30th May 2018
Ebola outbreak in the Democratic Republic of Congo
Ebola has re-emerged in Africa in the DRC. Around 60 people are now thought to be affected, although not all are laboratory confirmed, resulting in over 20 deaths so far. The WHO have deployed 123 personnel who together with other agencies and local workers, will trace the contacts of the patients – this group is at the highest risk of becoming infected and could further fuel the Ebola epidemic. Eight thousand doses of the Ebola vaccine V920 are earmarked for these contacts, and also for the healthcare workers who will treat the infected patients.
Although this is clearly an important emerging situation which has received early attention from the WHO, the situation has been deemed not to be a ‘Public Health Emergency of International Concern’ as yet. Despite this, measures are in place to reduce the chance of escalation of the outbreak, including exit screening at both sea ports and airports to lessen the possibility of the transmission of Ebola to further countries.
Issues in controlling Ebola persist
Whilst this is the ninth time that the devastating infection has occurred in the DRC, many of the issues with controlling past epidemics persist. For example, although it is early in the outbreak, there are already reports of distrust of healthcare officials and resistance to outside aid: one medical team was threatened by locals when it was feared that the healthcare workers themselves were responsible for the Ebola outbreak, and another group of medical workers were prevented from testing an individual who was thought to have died from Ebola.
Furthermore, two patients who had been quarantined to prevent further infection of others, recently ‘escaped’ back to their hometowns. One attended a church service and came into close contact with congregants while receiving prayers; the other travelled to their home and may have infected others in their village. Both passed away within a day. In addition, as with previous outbreaks, local funeral practices may have already played a role in the early transmission of the disease: a funeral of an Ebola patient in Bikoro is thought to have been responsible for the infection of some of those attending, who subsequently journeyed to the much larger city of Mbandaka.
The need for education
At first glance, it is difficult to understand why the same harmful practices and problematic responses to Ebola persist from outbreak to outbreak, when this often-fatal disease has resurged several times in the DRC. Ebola has not occurred in this particular region of the DRC before, however: for them it is a new occurrence. As DRC is one of the largest countries in the world – a country of generally very poor infrastructure, making travel difficult – the previous outbreaks of Ebola may not have affected Bikoro and surrounding regions, highlighting the need for education about the virus.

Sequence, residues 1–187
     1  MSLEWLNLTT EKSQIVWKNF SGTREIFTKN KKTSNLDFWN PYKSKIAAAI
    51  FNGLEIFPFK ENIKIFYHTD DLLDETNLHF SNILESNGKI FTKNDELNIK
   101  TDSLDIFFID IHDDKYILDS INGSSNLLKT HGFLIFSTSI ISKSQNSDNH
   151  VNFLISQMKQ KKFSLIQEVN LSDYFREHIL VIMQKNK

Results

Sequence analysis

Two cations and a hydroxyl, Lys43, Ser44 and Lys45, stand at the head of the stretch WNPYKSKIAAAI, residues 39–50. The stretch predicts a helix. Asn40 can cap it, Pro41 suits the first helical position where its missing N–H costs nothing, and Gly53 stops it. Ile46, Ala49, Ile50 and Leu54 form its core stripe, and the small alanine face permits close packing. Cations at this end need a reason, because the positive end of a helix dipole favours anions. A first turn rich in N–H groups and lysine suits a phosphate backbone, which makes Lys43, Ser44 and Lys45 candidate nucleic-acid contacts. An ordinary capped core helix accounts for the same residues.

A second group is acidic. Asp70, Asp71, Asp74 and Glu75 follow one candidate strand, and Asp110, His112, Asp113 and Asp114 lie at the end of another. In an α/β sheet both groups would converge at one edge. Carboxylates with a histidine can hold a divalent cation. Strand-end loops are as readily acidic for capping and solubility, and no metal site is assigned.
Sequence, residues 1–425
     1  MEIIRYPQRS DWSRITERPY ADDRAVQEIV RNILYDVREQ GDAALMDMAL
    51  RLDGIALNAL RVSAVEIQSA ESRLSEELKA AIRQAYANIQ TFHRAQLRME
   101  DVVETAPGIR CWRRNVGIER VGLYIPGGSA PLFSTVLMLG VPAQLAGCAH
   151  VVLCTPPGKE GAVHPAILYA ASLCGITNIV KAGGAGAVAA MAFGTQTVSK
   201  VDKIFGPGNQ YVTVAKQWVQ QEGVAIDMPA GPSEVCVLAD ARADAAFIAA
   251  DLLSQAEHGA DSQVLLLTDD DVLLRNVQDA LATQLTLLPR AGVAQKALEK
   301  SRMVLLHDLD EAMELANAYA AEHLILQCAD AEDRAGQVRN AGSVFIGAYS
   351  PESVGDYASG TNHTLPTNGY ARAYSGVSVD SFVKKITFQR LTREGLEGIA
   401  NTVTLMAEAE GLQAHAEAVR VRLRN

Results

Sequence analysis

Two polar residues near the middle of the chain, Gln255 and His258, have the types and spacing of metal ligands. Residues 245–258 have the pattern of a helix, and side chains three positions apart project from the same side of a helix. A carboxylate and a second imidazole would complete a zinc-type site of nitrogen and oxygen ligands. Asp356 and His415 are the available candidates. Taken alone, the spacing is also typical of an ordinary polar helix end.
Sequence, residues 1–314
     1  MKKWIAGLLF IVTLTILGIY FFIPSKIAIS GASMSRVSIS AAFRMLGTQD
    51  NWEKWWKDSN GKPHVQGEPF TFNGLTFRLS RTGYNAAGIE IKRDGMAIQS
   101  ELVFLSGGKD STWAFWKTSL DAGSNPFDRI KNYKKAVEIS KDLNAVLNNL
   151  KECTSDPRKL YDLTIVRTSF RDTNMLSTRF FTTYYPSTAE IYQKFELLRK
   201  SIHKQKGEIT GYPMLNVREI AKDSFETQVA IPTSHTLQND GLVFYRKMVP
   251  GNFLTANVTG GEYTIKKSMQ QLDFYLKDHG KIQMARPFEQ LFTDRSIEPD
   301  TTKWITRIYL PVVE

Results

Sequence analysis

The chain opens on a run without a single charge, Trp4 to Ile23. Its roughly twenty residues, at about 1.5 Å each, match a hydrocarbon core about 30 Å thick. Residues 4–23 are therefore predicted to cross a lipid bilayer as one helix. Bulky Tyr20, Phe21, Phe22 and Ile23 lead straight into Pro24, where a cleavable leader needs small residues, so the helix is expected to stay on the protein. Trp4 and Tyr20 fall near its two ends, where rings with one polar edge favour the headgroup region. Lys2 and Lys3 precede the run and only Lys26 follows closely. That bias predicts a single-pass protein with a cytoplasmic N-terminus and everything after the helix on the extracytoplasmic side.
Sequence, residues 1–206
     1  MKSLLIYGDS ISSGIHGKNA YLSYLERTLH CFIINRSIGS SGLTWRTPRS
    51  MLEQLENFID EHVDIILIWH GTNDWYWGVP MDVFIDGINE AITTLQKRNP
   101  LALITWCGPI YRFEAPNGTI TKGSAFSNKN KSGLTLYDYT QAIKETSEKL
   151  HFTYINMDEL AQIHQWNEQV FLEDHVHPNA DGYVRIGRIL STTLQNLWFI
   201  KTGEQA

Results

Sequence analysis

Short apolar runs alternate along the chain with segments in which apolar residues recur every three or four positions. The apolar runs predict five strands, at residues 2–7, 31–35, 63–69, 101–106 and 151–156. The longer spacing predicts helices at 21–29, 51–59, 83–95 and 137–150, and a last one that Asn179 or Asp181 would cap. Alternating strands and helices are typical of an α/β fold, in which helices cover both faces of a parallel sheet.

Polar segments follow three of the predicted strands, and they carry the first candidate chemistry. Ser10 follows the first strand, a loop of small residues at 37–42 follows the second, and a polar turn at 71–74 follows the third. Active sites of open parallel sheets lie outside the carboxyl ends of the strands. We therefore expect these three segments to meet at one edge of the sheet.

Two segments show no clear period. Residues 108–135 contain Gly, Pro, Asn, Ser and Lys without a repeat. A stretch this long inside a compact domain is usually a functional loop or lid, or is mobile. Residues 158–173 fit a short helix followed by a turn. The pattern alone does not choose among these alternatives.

Furthermore, resistance might be partially explained by the WHO and partners being seen as the outsider, or as representing the government which has often had a chequered relationship with local populations. In an attempt to counter these negative associations, during the present outbreak and also during the Ebola vaccine trials in Guinea, the WHO have used local ‘social mobilisers’ to introduce the healthcare teams to rural village leaders so that trust can be established. This approach has had mixed success, however.
Understanding local customs and beliefs
When healthcare interventions seek to change more fundamental aspects of how local populations see themselves, particular challenges can be faced. For example, attempts to control the transmission of Ebola by providing hygienic burials can have ramifications for the local population of which we in more developed countries, are unaware.
Whilst witnessing burial rites first-hand in rural Guinea, Prof. Fairhead from Sussex University, UK, saw that when mothers and their children die at the same time, they are never buried together in the same grave. In the view of the local people, that would have threatened the safe passage of the mother to the afterlife, and also affected the ‘reproductive order’ for all women. Furthermore, if the first child of any couple were to die, the child should be buried in a special site at the edge of the village, swaddled in the leaves of the medicinal plant Newbouldia laevis. In this way, the locals believed that they were facilitating the return of the child to the land spirit.
Given these fundamental beliefs, it can easily be imagined that when healthcare agencies, with the best intentions, enforce hygienic burials to stop the transmission of Ebola, significant harm can occur to the belief system of the local population, unwittingly inviting resistance. It is worth noting that as these beliefs are so important, a return to these traditional practices is almost assured following the end of an Ebola outbreak, enabling a subsequent epidemic should it occur.
At present, the situation in DRC is under close surveillance and although the risk to surrounding countries is described as high, the global impact is low – and is very likely to remain so. It is advised that travelling to the affected area for business is postponed until the emerging Ebola outbreak is controlled.
Written by Dr. Simon Worrell, Head of Medical Communications